Mozart: The String Quartets (Hagen Quartet)

Hagen Quartet in action

Eight straight hours of soul-crushing friendliness demands equally aggressive diversion. So, when permitted, I take a seat cross-legged on a bench in front of a dear unnamed retail establishment, eyes closed but still pierced by a bright setting sun, set my iPod to Mozart, and melt like Icarus into merciful oblivion.

Enter Hagen Quartet, basically the string quartet version of the Jackson 5, established in 1981 by Salzburger siblings Lukas, Angelika, Veronika and Clemens. Angelika would later be replaced by German violinist Rainer Schmidt. I know what you're thinking: like, who better to produce this comprehensive and definitive collection than a group of individuals who have gotten wasted on the same streets as their 18th century countryman? Agreed, anonymous reader, agreed.

It took 15 years of recordings to put together this 7-CD box set (or, let's be real, 7 CDs worth of mp3s). In addition to the 26 standard Mozart quartets, it includes the three elegant Divertimenti, AKA "Salzburg Symphonies Nos. 1-3", Mozart's arrangements of the five fugues from Bach's Well-Tempered Clavier, and the gruff late work, Adagio and Fugue in C minor, encompassing the for-real entirety of Mozart's music for string quartet.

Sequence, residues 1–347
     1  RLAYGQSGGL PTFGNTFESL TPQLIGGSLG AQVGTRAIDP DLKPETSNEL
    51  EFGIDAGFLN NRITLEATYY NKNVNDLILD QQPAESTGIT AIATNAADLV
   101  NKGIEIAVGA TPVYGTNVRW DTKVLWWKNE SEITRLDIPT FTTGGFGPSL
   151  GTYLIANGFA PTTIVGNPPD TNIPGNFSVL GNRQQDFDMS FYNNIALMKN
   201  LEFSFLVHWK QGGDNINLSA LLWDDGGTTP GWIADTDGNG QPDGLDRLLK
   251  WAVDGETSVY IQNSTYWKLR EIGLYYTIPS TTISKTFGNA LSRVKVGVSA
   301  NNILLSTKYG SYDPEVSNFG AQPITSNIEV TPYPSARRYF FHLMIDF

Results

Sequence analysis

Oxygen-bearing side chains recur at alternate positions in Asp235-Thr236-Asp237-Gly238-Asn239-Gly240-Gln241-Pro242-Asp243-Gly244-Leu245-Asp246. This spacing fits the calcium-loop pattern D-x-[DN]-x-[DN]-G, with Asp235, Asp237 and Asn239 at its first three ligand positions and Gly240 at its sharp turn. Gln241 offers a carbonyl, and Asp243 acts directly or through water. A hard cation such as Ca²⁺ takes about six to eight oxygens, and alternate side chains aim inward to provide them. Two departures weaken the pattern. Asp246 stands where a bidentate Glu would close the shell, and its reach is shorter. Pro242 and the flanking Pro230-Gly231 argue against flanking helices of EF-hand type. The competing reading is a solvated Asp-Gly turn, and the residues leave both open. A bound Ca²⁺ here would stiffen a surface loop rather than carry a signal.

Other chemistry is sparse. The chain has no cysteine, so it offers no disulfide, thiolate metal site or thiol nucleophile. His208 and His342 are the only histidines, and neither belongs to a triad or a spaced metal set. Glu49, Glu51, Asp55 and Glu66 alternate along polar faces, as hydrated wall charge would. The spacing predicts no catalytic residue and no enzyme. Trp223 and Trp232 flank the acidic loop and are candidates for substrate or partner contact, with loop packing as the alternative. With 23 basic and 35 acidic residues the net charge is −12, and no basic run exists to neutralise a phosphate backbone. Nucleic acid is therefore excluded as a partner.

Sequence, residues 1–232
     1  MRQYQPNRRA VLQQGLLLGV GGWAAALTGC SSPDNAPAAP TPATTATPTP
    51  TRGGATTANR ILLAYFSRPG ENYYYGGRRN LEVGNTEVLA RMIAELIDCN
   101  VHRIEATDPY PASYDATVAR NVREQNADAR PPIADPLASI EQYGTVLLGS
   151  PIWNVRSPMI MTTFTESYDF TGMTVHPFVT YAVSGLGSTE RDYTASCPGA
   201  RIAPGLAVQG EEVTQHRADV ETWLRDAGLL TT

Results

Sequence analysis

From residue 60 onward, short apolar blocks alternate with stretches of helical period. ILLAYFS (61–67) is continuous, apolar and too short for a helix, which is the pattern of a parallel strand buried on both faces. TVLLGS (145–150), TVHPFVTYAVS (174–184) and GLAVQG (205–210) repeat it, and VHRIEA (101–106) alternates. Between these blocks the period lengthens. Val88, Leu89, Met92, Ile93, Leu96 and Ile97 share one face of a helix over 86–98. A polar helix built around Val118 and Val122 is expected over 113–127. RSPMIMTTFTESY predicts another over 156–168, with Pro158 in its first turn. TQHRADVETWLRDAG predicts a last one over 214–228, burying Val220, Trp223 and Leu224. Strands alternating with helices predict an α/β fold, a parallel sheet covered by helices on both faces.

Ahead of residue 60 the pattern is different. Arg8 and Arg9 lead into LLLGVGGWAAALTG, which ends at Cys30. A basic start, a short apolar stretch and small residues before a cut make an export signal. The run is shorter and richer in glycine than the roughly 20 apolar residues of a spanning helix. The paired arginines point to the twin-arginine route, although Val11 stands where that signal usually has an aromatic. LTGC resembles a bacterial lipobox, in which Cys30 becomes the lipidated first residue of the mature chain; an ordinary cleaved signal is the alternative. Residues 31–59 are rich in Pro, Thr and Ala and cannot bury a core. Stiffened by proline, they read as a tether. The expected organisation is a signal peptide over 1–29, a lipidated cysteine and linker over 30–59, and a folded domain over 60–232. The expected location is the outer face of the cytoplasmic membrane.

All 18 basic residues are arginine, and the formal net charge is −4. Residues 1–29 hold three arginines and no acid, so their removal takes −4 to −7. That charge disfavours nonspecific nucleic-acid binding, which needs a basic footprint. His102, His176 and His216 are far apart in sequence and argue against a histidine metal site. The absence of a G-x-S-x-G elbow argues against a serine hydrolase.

Hagen's approach to Mozart is dialogical, vigorous but uncomplicated, with limited vibrato, tasteful rubato, and a talent for spotlighting each of the instrument voices in turn. Take a listen to their attentive rendition of Quartet No. 18 in A major, K. 464.

But by far, my favorite track is the second movement of the Divertimento No. 3 in F. I invite you to close your eyes and just listen for a few minutes. Luckily, the entire box set is available on Spotify.